Don't get caught up in the guessing game on attribution. The critical task is to understand the threat data and threat actor tactics to ensure you are not vulnerable to the same attack.

Jeff Schilling, Chief Security Officer, Armor

January 6, 2015

5 Min Read

The heightened tensions in cyberspace over the Sony cyberattack and the subsequent DDOS in North Korea have all network security professionals around the globe on high alert. Some sensationalists will want to equate this to the cyber equivalent of the Cuban Missile Crisis. I believe that is an overreach based on the facts that we know and my experience working in government and incident response.

Many folks are fixated on trying to figure out who is behind this attack. In my opinion, the public cannot draw any clear conclusions on the attribution of the actors behind the Sony attack based on the information that has been released to date. Connecting tradecraft and infrastructure is not enough evidence for clear attribution to North Korea. Advanced, targeted threat actors use other's infrastructure and tradecraft all the time to obfuscate their activity.

Significant (unpublished) evidence
I have to believe if the FBI and Sony are pointing the finger at North Korea, there is significant evidence not made public that allows them to draw that conclusion. The basis for my assertion relies on two observations:

First, major corporations immediately retain legal counsel upon the discovery of a major breach. Legal counsel's advice is to always limit public disclosure of information to reduce future liability. If this is the case here, it does not make Sony or their legal counsel evil. It is a fact that we must all live with considering the very litigious world of cyber security.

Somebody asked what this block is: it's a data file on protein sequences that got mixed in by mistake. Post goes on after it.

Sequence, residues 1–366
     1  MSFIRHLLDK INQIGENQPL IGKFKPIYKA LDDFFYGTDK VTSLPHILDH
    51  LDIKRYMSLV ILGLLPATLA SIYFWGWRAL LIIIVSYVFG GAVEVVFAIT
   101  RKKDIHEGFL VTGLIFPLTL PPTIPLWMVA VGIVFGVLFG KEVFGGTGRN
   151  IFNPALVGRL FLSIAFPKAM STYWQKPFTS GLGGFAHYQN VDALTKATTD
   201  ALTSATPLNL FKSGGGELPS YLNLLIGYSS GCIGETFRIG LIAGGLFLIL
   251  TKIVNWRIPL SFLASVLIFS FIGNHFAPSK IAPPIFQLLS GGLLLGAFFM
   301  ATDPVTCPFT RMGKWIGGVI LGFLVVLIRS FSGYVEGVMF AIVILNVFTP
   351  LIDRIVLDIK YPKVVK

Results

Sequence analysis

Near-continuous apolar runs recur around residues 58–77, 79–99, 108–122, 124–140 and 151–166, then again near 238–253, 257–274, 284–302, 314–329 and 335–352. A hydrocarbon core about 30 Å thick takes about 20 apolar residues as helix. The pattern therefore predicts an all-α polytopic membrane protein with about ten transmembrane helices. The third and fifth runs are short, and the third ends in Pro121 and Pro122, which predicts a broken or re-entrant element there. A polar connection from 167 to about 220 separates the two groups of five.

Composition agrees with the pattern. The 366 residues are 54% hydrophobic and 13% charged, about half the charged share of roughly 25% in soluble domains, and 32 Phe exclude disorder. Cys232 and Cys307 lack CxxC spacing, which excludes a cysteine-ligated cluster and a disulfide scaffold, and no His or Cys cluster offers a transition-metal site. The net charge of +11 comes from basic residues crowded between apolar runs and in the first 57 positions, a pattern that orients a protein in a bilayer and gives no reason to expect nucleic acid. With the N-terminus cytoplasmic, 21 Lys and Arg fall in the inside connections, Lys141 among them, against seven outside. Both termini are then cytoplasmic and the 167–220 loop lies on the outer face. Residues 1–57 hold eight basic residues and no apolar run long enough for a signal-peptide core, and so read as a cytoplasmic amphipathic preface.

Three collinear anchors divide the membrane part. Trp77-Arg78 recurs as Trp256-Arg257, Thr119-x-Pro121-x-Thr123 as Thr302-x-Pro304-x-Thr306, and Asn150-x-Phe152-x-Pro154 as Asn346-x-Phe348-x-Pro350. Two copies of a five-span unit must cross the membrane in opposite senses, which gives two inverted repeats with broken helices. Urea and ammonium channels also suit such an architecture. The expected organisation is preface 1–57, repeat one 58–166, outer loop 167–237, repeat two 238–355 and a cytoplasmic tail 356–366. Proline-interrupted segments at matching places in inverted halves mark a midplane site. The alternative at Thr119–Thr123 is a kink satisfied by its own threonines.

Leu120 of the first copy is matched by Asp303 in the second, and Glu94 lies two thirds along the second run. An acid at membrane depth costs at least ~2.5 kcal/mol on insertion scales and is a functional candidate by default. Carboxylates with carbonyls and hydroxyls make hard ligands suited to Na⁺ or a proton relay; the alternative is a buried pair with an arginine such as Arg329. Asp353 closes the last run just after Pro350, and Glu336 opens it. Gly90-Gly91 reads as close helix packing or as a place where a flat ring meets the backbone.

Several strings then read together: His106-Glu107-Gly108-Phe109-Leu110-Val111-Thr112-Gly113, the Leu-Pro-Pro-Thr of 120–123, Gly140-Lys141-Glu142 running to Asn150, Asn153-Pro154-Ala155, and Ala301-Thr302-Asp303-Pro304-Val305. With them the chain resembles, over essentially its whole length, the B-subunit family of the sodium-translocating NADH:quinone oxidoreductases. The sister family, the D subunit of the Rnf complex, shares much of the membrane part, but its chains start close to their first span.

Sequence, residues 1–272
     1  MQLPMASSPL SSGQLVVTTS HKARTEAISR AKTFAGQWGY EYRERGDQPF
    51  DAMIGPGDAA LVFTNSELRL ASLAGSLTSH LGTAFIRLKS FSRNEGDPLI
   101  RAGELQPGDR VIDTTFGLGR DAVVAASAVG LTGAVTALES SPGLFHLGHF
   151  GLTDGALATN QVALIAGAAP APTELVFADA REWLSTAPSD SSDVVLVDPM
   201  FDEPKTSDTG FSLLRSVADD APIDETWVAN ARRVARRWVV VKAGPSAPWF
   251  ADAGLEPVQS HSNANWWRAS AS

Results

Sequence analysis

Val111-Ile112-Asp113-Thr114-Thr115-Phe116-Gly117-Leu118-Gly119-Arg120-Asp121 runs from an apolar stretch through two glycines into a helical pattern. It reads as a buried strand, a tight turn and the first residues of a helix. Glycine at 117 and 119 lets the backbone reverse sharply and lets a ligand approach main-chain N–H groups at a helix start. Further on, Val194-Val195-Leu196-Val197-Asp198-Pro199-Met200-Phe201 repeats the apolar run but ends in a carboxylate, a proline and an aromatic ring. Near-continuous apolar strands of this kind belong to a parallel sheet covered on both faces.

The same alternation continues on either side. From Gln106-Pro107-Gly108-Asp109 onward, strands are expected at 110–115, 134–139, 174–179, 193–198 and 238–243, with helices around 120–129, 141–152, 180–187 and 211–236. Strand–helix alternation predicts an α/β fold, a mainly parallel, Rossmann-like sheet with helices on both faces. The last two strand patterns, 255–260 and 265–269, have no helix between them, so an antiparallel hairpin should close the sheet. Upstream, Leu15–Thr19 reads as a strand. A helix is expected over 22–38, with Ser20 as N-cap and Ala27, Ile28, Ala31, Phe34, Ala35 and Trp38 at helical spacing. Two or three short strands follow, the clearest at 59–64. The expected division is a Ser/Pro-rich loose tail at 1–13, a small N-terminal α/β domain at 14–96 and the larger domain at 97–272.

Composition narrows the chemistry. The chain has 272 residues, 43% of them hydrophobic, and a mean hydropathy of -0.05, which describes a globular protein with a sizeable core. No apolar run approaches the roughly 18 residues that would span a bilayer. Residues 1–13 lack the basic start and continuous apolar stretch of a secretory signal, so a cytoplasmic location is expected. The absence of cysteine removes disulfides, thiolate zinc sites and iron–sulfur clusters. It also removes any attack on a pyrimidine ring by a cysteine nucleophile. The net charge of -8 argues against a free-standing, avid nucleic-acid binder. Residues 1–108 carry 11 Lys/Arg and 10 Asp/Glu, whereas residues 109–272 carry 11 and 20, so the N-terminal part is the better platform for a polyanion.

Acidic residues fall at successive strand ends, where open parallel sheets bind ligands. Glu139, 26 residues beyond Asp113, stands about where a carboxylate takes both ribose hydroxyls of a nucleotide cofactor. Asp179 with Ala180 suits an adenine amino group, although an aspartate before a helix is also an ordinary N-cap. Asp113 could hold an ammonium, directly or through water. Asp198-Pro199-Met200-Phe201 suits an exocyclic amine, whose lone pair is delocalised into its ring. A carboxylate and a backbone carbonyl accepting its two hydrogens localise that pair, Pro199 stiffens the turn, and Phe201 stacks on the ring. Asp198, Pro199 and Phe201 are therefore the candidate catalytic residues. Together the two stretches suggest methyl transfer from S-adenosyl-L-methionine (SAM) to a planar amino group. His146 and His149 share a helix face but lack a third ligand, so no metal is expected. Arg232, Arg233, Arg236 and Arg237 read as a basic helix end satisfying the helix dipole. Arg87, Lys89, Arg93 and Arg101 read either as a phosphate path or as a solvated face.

Second, the FBI and other government organizations likely have multiple sources of intelligence (signals intelligence and human intelligence) that they believe triangulates attribution of the actors behind this attack. Likely, these other sources of intelligence are highly classified and will never be released to the public. This classified information requires the cyber security community to take on faith that the government's attribution picture is credible when paired with these other methods of intelligence that cannot be shared.

The role of ransom
Another question everyone is asking: Is this escalation to a destructive capability going to be the norm going forward? Absolutely. This is truly the one element of the Sony story that keeps me up at night. We are seeing a trend in destructive activity on the rise.

Previously, cyberthreat actors were mainly focused on computer network exploitation for purposes of crime, fraud, or the theft of intellectual property. I observed a disturbing trend a couple of years ago with the crypto locker actors holding victims for ransom. These activities started off more as an annoyance, but have quickly escalated in the past few years to the point where major damage has been done to companies by ransom actors.

To me, the Code Spaces incident should have sent a shockwave through the security community. Ransom actors are now an existential threat to some companies. In the Code Spaces incident, the company had its hosted environment compromised and all of its customer data deleted when they could not pay the ransom. Code Spaces had to shut down their successful company as a result.